We turned around, retracing our steps down the Lamborn Trail. We retrieved our bikes and continued our way down the rest of Lamborn Trail. The descent started out pretty fun at first, and we were making good time.
But then the middle third of the trail brought us to a grinding halt. The trail became rocky. The baby-head style rocks that are wedged into the ground and are rather unforgiving. The overgrown vegetation made it difficult for us to see the trail clearly enough to plan routes through this technical terrain.
So, we walked. We walked a lot. And let me tell you – walking on a good chunk of the descent when you feel like you should be riding and after pushing your bike for the better part of the day already – well, it’s pretty disheartening. Soul-crushing is how I’ve chosen to define it. Oh, and I forgot to mention that it also began to rain.
Amazingly, we don’t have pictures of these awful parts…. The trail traveled through a narrow passage between Mount Lamborn and Landsend Peak. Occasionally the forest opened up enough for us to catch a glimpse of the fiercly beautiful terrain.
Lamborn Trail finished off strong though, with a fun descent on the lower third.
After yet again, another 1.7 miles, we reached City Springs Rd (FS Rd 894). This road is truly meant for 4WD vehicles. Another long 11 miles of riding on Forest Service and County Roads brought us back to our car.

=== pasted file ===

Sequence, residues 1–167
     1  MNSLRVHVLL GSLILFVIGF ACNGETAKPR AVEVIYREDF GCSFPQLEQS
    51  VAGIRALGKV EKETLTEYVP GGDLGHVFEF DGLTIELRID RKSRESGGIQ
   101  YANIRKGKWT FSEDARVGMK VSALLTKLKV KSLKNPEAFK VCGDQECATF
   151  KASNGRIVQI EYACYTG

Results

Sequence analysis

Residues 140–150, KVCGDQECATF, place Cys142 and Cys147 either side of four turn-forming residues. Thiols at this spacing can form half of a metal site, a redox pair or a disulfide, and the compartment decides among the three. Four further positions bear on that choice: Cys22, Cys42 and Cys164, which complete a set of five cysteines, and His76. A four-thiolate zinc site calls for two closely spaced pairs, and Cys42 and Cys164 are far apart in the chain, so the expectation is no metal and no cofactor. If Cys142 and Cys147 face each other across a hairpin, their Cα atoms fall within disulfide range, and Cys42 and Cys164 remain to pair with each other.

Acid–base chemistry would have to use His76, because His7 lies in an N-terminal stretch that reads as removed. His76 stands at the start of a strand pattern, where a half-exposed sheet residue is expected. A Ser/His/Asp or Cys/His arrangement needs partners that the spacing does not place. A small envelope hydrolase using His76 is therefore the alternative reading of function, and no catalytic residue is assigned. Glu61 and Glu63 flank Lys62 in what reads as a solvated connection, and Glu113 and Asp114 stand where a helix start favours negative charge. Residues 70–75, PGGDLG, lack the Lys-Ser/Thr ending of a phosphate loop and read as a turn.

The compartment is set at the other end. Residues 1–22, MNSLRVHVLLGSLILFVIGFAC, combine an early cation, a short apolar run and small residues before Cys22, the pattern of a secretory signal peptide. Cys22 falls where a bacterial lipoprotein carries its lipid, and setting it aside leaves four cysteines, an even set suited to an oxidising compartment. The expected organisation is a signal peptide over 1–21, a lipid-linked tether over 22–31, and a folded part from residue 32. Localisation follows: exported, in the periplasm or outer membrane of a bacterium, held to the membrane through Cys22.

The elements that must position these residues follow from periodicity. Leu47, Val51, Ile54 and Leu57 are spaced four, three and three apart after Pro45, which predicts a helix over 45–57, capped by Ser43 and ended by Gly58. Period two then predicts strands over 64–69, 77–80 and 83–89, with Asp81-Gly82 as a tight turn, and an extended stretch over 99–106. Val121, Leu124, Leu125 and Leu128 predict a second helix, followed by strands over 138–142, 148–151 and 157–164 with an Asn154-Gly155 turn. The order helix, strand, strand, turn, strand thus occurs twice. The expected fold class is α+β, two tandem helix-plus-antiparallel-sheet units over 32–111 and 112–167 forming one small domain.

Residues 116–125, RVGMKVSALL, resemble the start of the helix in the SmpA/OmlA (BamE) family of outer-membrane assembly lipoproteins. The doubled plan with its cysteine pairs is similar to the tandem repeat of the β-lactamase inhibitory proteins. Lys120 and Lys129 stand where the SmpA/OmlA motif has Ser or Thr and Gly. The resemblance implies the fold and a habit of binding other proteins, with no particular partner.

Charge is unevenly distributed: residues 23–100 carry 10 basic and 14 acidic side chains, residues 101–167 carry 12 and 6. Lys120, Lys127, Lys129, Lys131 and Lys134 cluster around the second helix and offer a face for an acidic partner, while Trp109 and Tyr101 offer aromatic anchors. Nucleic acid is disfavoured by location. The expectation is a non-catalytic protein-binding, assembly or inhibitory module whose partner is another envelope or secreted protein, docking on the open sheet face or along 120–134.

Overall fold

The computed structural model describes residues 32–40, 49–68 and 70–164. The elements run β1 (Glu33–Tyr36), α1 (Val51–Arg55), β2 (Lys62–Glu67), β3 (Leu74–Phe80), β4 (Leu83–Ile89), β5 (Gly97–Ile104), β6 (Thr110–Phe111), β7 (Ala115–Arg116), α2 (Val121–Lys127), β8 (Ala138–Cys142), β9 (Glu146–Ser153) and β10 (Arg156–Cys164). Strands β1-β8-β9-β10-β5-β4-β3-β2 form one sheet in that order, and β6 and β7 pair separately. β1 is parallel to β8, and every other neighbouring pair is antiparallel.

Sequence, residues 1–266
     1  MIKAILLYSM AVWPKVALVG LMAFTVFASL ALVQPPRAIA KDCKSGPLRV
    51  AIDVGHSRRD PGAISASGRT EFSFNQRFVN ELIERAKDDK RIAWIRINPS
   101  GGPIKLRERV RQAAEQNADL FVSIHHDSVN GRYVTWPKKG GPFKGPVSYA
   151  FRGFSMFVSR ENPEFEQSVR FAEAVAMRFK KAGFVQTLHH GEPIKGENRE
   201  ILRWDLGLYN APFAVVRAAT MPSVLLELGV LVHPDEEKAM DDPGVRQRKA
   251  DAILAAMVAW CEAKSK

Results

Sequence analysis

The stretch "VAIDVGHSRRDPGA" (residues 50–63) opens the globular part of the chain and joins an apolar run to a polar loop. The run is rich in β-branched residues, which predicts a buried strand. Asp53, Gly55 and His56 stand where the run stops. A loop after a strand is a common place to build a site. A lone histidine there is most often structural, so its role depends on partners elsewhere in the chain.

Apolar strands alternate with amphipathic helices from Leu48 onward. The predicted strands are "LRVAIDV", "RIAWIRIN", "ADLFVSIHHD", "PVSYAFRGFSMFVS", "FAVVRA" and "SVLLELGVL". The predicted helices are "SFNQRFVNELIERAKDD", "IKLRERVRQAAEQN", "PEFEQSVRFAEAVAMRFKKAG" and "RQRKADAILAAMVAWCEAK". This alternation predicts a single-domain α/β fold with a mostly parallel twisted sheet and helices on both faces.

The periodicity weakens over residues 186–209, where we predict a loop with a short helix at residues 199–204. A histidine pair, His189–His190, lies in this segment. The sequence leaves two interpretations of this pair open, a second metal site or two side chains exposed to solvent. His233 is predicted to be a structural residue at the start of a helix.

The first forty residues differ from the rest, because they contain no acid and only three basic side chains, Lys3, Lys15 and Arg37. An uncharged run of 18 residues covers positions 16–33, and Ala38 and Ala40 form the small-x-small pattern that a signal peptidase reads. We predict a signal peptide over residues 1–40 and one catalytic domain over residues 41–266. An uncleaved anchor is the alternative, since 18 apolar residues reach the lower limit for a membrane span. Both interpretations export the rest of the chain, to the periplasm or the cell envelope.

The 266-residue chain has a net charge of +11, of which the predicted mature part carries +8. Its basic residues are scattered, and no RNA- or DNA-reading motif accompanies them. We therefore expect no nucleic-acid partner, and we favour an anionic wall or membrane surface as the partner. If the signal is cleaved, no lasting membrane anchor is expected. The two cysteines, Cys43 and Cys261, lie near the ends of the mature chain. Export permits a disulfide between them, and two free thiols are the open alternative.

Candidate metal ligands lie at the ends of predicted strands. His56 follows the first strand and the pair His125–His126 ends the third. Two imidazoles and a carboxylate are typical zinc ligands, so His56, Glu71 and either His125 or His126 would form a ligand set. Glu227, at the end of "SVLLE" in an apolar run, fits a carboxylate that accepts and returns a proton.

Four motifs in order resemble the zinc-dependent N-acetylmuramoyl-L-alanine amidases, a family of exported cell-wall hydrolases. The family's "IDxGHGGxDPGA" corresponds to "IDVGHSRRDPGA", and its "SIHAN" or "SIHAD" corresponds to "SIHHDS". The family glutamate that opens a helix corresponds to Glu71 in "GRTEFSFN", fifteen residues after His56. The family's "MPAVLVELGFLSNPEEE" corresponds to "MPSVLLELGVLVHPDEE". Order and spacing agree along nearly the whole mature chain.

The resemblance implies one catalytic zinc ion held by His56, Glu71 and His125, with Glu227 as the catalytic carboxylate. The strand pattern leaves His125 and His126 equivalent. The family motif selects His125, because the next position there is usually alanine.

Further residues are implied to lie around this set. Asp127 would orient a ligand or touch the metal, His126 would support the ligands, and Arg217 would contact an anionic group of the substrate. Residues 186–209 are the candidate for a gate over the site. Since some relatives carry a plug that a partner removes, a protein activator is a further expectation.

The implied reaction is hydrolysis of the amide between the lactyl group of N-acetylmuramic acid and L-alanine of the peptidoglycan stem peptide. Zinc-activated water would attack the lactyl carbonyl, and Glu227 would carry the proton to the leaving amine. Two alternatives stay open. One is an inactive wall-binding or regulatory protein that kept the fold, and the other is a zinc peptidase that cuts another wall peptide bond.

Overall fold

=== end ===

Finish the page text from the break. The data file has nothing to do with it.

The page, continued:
So, what made mountain biking Interocean Pass to Lamborn Trail so soul-crushing exactly? I mean, my pictures don’t make it seem that rough… Maybe it was the heat or the flies and mosquitos that buzzed around my head all day long. Maybe it was the fact that my legs were scraped raw and bleeding from the constant scratching of plants and thorns. Maybe it was the stress of losing the trail from time to time, costing us valuable time and energy. Maybe it was the intensity and steepness of the terrain, or the 6000+ total vertical-foot day. Maybe it was the giant lump (that still remains weeks later) on the lower part of my right shin from constantly hitting it with my pedal while pushing my bike. Maybe it was because my stomach ached from over-exhaustion. Maybe it was because we pushed our bikes on the trail for more miles than we rode them (road not included). Or maybe it was the whole experience combined.